A Greater Yellowlegs at Quoile Pondage (Co. Down) from Monday 24th onwards was a nice spring find and ties in well with a good period for Nearctic species. Ducks also continue to dominate the headlines. Two pristine drake Buffleheads were located during the week: a male was at Loch Branahuie, Lewis (Outer Hebrides) on Thursday 20th (and was presumably the same bird that had passed Balranald, North Uist on 10th May) and another was found at Branston GPs (Staffs) on Monday 24th-25th, then at Drayton Bassett on Wednesday 26th. How many birds may have been involved in the sightings this spring? Also on Lewis the drake Cinnamon Teal at Loch Thuaimistear continues to attract attention from listers for 'insurance purposes' and was still present at the end of the week.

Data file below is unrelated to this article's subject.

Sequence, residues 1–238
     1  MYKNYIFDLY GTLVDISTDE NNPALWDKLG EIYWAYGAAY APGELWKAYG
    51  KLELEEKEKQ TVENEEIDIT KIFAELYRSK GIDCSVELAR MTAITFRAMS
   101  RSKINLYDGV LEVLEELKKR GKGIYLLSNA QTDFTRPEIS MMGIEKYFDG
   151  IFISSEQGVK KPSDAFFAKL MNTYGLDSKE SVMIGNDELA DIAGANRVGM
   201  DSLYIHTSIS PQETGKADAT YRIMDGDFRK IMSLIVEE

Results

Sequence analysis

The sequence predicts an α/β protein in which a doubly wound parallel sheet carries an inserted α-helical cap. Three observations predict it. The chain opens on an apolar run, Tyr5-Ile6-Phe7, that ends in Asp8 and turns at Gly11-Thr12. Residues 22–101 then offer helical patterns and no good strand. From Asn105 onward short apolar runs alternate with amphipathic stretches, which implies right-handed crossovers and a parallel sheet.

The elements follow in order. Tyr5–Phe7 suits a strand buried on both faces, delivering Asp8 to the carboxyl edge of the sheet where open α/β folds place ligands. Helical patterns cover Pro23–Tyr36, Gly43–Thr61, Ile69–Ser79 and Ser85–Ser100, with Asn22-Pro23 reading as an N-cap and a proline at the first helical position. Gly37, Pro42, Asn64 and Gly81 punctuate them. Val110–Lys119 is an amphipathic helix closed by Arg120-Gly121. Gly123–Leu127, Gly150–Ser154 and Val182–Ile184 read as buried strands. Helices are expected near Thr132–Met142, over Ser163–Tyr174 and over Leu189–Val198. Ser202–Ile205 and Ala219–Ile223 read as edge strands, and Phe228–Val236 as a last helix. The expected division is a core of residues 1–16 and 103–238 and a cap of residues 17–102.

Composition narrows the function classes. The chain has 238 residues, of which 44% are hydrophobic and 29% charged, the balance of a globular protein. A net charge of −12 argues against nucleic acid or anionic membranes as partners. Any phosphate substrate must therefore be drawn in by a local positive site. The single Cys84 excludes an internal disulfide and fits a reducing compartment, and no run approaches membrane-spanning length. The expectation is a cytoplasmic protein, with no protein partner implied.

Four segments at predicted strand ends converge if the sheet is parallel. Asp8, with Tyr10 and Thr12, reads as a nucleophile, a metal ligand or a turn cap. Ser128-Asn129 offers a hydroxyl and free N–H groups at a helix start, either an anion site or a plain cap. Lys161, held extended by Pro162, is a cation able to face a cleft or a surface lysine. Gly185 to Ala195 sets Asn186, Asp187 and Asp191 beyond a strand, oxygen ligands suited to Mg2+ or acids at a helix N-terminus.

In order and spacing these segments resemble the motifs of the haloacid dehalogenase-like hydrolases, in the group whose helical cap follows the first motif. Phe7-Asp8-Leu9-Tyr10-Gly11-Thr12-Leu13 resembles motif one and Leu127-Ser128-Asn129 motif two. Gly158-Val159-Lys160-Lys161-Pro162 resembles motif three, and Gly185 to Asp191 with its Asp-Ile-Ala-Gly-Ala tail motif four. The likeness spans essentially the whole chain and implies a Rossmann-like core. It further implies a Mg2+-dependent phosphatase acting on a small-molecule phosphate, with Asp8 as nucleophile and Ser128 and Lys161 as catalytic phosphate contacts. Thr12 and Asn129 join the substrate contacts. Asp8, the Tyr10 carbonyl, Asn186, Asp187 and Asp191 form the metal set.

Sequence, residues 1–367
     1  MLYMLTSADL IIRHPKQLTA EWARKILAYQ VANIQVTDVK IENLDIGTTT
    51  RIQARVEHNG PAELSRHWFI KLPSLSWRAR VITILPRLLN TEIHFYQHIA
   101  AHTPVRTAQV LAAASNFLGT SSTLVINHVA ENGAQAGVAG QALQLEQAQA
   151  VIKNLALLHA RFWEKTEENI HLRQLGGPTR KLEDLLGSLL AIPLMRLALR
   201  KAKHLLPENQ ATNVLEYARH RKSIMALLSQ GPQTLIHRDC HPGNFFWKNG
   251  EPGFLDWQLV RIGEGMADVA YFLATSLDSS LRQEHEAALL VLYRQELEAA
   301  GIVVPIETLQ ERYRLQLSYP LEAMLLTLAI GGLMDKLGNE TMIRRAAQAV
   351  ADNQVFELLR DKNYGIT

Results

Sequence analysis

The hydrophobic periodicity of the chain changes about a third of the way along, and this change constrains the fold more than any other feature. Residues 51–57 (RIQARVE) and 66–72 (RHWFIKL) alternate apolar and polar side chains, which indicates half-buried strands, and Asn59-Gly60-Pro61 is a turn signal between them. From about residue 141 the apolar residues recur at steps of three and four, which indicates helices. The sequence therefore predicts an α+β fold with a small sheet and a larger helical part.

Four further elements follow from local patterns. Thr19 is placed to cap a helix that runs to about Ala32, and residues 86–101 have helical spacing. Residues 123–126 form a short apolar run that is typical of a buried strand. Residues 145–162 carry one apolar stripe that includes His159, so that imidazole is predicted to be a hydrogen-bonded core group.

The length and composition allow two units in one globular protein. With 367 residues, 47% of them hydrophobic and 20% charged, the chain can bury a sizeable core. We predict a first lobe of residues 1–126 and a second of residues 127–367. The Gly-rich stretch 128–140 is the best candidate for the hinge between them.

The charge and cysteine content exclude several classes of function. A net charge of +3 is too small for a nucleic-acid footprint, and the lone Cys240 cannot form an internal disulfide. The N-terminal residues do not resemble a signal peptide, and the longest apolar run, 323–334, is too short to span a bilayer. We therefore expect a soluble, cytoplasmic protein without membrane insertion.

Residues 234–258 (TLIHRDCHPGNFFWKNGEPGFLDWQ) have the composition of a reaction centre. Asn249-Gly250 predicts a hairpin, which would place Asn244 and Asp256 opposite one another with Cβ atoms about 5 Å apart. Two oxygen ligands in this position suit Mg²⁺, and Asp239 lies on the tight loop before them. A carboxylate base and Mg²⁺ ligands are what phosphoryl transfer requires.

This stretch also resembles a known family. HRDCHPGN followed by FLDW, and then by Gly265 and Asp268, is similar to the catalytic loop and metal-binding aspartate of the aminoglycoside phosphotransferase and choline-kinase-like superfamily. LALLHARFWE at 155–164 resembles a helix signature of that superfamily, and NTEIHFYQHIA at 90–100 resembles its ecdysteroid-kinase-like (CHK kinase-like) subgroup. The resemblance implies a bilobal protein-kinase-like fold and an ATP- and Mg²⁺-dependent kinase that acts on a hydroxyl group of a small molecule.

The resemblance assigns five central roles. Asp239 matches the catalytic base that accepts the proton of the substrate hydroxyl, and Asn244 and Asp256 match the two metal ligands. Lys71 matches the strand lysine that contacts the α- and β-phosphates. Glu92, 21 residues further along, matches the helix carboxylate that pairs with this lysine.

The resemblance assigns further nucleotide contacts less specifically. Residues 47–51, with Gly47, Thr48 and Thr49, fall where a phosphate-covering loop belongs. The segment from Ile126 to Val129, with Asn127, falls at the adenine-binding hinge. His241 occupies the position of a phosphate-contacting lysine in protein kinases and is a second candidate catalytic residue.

White-winged Black Tern: Hickling Broad, Norfolk. (Photo: Kit Day) White-winged Black Tern: Hickling Broad, Norfolk. (Photo: Kit Day)

Temminck's Stint: Seaton Common, Cleveland. Left, with 2 Dunlin. (Photo: Jane Hanson)

Pectoral Sandpiper: St. Mary's Wetland, Northumbs. (Photo: John Malloy) Red-necked Phalarope: Oare Marshes, Kent. (Photo: Dylan Wrathall)